Countries Where the Death Penalty Is Still Enforced
Since ancient times, the death penalty has been applied when someone commits a certain crime, or as a solution to conflict between people from the same community. On the other hand, data shows that the number of death penalty cases has decreased over time.
The death penalty or capital punishment is the execution of a criminal who has been sentenced during a trial. It serves as a penal sanction to the so-called “capital offenses”, meaning very serious crimes.
The death penalty has generated numerous internal and external conflicts in the countries where it’s still enforced. In fact, the international community has adopted new measures that prohibit this type of sanction.
In this article, we’ll study the main international standards that regulate the death penalty enforcement, as well as the cases it applies in today’s world.
Throughout history, the death penalty has evolved, both in its execution and in the cases it applies. In fact, capital punishment applies to specific crimes and it’s often a solution to a conflict between subjects from a community.
Capital punishment was the axis on which tribal societies were based on. It was the means to restore the peace thanks to its deterring effect. However, nowadays, most democratic countries have abolished it.
In Spain, the death penalty existed since the medieval ages until the approval of the Spanish Constitution in 1978. Article 15 says “The death penalty is hereby abolished, except as provided by military criminal law in times of war”.
Subsequently, the Organic Law 11/1995 abolished the only case in which the death penalty was enforceable. Therefore, the Military Penal Code can no longer apply it.
Furthermore, the international community has adopted several standards that prohibit its application:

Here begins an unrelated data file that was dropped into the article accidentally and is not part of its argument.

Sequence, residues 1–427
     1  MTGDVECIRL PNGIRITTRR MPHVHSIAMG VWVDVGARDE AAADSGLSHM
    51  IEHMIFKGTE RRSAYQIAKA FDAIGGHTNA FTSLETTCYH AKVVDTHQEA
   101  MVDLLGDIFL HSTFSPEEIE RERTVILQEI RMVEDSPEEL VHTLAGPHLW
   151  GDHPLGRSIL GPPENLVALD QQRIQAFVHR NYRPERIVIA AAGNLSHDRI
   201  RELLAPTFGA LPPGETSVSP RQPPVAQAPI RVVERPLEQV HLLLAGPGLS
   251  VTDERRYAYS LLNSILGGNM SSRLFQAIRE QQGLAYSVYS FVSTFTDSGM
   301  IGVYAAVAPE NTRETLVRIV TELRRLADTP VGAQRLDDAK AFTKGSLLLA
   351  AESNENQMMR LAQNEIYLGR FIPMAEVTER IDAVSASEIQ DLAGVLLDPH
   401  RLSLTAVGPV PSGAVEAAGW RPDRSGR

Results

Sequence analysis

- The Second Optional Protocol to the International Covenant on Civil and Political Rights, destined to abolish the death penalty.
- The Protocol to the American Convention on Human Rights to Abolish the Death Penalty.
- Article 6 and 13 of the European Convention on Human Rights. These articles speak about the abolition of the death penalty in all circumstances.
International laws state that capital punishment should be restricted internationally. But many organizations, such as Amnesty International, consider that the death penalty should never be an option, alleging that it’s a symptom of a culture of violence.
Nowadays, more than two-thirds of countries in the world have abolished capital punishment. The tendency to execute criminals is decreasing. In 20 years, more than 50 countries have removed it from their legislation. A total of 108 have eliminated it, seven have abolished it for offenses under ordinary law, and 29 hold a deferral on executions. However, it’s still enforceable in 55 countries.
Although it’s hard to determine the total number of executions due to the lack of official data of some countries, in 2018, Amnesty International registered 690 executions in 20 countries, which was 31% fewer than the year before that and the lowest so far in a year. The countries that most executed people were China, Iran, Saudi Arabia, Vietnam, and Iraq, in that specific order.
Execution of people who were underage at the time of the crime
Moreover, some countries still condemn the death penalty on people who were underage at the time they committed the crime. This still happens today, even though the international laws regarding human rights forbid capital punishment in these cases.
Since 1990, Amnesty International has documented 145 executions of minors in ten countries: Saudi Arabia, China, the United States, Iran, Niger, Pakistan, the Democratic Republic of Congo, Sudan, South Sudan, and Yemen.
Although the number of children executions has decreased in comparison to the total numbers, its importance goes beyond data, since this practice questions the commitment of executors to comply with international laws. In any case, this is a very controversial topic that has a great impact on political campaigns of developed countries such as the United States. Therefore, it’s important to keep the debate going.